Thursday, September 25, 2008

Upcoming Events In and Around Boston

New

** Details Modified


EVENTS IN AND AROUND BOSTON

Monday, 29 September, 4:15 p.m.: Margot Fassler (Yale Divinity School):
"Haec est Regina: The Virgin of Chartres and West Facade." Harvard
University, Barker Center, Thompson Room, 12 Quincy Street, Cambridge,
MA. Humanities Center Medieval Studies Seminar.

Monday, 29 September, 5:30-7:00 p.m.: Medieval Studies Fall Reception,
Harvard University. The Committee on Medieval Studies cordially invites
all medievalists to its time-honored Fall Reception. Undergraduates,
graduate students, faculty, Visiting Scholars and Alumni(ae) convene at
the beginning of each term to renew old acquaintances, make new ones,
and find out about the marvelous community of Boston-area scholars
working on and interested in the Middle Ages in its broadest sense, from
the Roman empire to the early modern age, East, West and In Between.
Come enjoy good cheer, light fare and excellent company in the lovely
surroundings of the Thompson Room. (The reception will follow the first
Medieval Studies Seminar of the term, at 4:15 p.m., in the Thompson
Room.) Harvard University, Barker Center, Thompson Room, 12 Quincy
Street, Cambridge, MA.

Thursday, 9 October, 5:00 p.m.: Professor Damian McManus (School of
Irish & Celtic Languages, Trinity College, Dublin): Good-Looking and
Irresistible: The Irish Hero from Early Saga to Classical Poetry.
Harvard University, Faculty Club Library, 20 Quincy St., Cambridge,
Massachusetts. The John V. Kelleher Lecture, presented by the Harvard
Department of Celtic Languages and Literatures.

Friday - Sunday, 10-12 October: Twenty-eighth Annual Harvard Celtic
Colloquium, Harvard University. For further details, see below under
"CONFERENCES AND CALLS FOR PAPERS."

* Thursdays, 16, 23 and 30 October: Professor Carlo Ginzburg (Scuola
Normale di Pisa and Lauro de Bosis Visiting Lecturer at Harvard) will
lecture on Dante. Harvard University, Humanities Center, Room 133.

Friday - Saturday, 17-18 October, 1:30-4:30 p.m. Friday, 10:00 a.m.-4:30
p.m. Saturday. The Boston Crucifix from the Fuld Collection: A Two-Day
Colloquium at the Museum of Fine Arts, Boston. More information is
available at www.crucifixcolloquium.info; RSVP by October 5 to
registration@crucifixcolloquium.info.

* Thursday, 28 October, 5:30 p.m.: Jeffrey Hamburger (Harvard
University, History of Art and Architecture): "Openings" - Boston
University School of Management, Room 406, 595 Commonwealth Ave. For
description of the lecture see http://www.bu.edu/luce/calendar/.

Monday, 27 October, 4:15 p.m.: Bernhard Jussen (Johan Wolfgang
Goethe-University of Frankfurt): "Between Lexicometrics and
Hermeneutics, or: was there a Carolingian State?" Harvard University,
Barker Center, Room 114, 12 Quincy Street, Cambridge, MA. Humanities
Center Medieval Studies Seminar.

Monday, 10 November, 4:15 p.m.: Aviad Kleinberg (Tel Aviv University):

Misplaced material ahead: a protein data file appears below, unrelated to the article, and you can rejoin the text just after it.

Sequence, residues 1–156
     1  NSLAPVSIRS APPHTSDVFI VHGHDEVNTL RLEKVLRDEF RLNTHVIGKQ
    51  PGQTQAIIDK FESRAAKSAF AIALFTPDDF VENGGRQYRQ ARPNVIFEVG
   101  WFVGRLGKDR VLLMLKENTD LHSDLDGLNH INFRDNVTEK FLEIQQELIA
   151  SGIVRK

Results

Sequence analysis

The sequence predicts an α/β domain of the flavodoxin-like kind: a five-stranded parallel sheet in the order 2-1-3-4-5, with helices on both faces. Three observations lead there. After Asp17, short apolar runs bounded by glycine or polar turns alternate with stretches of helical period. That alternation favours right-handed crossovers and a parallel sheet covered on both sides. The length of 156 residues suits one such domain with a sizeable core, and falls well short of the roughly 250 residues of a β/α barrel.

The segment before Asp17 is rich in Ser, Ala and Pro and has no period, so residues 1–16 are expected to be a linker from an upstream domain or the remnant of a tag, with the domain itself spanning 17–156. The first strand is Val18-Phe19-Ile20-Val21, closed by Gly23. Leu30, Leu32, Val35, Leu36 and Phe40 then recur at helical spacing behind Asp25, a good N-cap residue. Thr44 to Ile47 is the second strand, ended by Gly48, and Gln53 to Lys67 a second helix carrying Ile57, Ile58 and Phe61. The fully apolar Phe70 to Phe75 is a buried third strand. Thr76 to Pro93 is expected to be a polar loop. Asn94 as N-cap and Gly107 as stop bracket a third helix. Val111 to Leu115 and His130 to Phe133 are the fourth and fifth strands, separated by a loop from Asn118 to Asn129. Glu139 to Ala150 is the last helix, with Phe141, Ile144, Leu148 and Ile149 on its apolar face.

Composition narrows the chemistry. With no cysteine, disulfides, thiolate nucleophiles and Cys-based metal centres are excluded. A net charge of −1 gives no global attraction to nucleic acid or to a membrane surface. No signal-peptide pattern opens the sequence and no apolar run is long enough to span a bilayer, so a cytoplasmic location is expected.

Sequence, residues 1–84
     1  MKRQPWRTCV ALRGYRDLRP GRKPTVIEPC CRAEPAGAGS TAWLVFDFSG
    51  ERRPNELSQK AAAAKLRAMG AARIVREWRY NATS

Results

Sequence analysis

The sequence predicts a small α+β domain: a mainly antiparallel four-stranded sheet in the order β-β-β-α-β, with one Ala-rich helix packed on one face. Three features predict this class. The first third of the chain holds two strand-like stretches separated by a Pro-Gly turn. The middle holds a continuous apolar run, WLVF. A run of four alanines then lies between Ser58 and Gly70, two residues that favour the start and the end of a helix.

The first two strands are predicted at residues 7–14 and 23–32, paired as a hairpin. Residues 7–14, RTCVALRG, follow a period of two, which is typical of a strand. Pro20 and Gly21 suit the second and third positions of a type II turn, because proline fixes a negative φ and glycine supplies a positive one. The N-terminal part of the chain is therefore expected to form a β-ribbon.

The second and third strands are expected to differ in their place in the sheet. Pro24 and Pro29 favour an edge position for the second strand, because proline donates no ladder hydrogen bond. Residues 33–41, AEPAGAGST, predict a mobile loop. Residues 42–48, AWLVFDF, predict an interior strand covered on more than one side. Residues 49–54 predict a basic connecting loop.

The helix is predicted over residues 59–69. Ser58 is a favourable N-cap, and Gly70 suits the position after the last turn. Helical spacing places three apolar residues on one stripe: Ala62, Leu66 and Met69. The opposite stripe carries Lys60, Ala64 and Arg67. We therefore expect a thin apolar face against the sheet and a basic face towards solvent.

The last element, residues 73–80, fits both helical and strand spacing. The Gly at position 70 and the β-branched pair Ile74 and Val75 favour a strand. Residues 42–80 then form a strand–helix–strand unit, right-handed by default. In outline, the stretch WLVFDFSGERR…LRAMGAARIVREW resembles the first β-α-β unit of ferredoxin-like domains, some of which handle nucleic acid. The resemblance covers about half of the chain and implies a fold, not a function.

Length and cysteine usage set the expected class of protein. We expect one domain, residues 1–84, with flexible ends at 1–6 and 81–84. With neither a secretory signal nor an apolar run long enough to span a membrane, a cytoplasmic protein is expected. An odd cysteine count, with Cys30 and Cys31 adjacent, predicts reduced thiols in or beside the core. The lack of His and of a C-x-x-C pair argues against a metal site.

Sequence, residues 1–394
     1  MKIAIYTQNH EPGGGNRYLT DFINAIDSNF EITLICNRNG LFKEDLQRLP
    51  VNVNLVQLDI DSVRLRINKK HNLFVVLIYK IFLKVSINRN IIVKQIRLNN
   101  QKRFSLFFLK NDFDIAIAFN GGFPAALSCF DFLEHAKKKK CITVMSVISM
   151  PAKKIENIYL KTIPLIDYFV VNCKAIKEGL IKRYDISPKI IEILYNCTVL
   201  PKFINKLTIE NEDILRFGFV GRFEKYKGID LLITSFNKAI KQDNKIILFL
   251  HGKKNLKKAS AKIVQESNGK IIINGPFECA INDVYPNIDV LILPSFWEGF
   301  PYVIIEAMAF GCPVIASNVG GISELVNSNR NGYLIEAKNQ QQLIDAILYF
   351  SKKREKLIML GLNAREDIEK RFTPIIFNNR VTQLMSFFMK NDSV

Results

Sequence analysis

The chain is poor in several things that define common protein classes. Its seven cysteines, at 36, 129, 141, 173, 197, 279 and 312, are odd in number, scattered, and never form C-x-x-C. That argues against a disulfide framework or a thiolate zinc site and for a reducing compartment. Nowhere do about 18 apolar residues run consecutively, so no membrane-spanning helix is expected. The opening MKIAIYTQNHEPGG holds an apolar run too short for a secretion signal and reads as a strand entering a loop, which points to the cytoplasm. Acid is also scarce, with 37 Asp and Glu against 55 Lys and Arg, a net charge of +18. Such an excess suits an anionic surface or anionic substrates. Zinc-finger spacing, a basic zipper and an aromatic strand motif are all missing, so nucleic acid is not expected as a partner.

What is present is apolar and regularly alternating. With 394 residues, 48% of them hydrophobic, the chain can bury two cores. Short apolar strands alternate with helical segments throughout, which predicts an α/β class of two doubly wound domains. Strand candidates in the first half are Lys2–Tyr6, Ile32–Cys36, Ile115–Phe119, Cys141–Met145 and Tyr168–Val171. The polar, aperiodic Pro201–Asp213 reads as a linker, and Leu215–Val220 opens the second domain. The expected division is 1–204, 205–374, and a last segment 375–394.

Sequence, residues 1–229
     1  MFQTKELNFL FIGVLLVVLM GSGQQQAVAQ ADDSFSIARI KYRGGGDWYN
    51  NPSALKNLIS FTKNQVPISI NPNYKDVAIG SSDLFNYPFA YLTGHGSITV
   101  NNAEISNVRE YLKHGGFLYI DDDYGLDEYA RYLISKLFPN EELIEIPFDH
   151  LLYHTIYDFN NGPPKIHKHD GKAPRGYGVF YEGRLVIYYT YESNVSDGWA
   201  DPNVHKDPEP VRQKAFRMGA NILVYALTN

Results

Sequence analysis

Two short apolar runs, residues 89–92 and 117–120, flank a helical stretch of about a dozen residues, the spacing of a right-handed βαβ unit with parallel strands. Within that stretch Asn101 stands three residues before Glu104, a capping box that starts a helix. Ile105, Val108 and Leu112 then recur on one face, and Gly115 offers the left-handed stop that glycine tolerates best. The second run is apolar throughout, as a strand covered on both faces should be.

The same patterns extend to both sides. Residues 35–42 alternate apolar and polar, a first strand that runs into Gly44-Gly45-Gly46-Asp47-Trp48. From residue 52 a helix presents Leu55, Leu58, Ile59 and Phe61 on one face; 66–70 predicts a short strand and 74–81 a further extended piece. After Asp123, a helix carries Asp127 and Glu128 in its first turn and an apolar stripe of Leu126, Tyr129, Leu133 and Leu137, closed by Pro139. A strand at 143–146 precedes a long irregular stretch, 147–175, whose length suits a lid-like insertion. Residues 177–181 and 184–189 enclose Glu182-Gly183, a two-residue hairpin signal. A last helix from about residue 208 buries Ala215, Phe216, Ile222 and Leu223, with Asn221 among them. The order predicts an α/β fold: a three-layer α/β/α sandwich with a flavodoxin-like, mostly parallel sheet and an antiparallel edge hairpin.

"Useful Trespasses" Harvard University, Barker Center, Thompson Room, 12
Quincy Street, Cambridge, MA. Humanities Center Medieval Studies
Seminar, in collaboration with Harvard University Press.

* Friday, 21 November, 4:00 p.m.: Professor M. Michelle Mulchahey
(Pontifical Institute of Mediaeval Studies): "Introducing Peter Lombard
to Dominican Students in University Classrooms and in the Order's
Schools" - Boston College, Cushing Auditorium, Cushing 001 Lower Level,
Chestnut Hill, MA. Institute of Medieval Philosophy and Theology
lecture. Dinner and discussion to follow lecture in McElroy Faculty
Dining Room. Contact: Stephen F. Brown, email: brownst@bc.edu, phone:
617-552-0436.

Monday, 24 November, 4:15 p.m.: Baber Johansen (Professor of Islamic
Religious Studies, Harvard Divinity School): Harvard University, Barker
Center, Room 133, 12 Quincy Street, Cambridge, MA. Humanities Center
Medieval Studies Seminar.

Monday, 8 December, 4:15 p.m.: Vincent Pollina (Tufts University)
Harvard University, Barker Center, Room 114, 12 Quincy Street,
Cambridge, MA. Humanities Center Medieval Studies Seminar.

* Wednesday, December 10, 2008, 3:30 p.m.: Nicholas Watson (Harvard
University, 2008–2009 Radcliffe Institute fellow): Radcliffe Institute
Fellows’ Presentation Series, "In Praise of Mediocrity: The Defense of
Imperfection in Late Medieval England" - Radcliffe Institute for
Advanced Study at Harvard University, Radcliffe Gymnasium, 10 Garden
Street, Radcliffe Yard, phone 617-495-8212.

** Monday, 15 December, 4:15 p.m.: Emily Wood (Department of History,
Harvard University): "Partnerships in Papal Judicial Delegation: The
case of Peter of Celle and Dean Fulk of Reims, 1168-1176" - Harvard
University, Barker Center, Room 133, 12 Quincy Street, Cambridge, MA.
Humanities Center Medieval Studies Seminar.

Monday, 2 February 2009, 4:15 p.m.: Chrisopher de Hamel (Corpus Cristi
College, Cambridge, UK): Harvard University, Lamont Library, Lamont
Room, Cambridge, MA. Humanities Center Medieval Studies Seminar, in
collaboration with the Houghton Library, Harvard University.

Monday, 23 February 2009, 4:15 p.m.: Bernd Nicolai (University of Bern,
Switzerland): Harvard University, Barker Center, Room 114, 12 Quincy
Street, Cambridge, MA. Humanities Center Medieval Studies Seminar.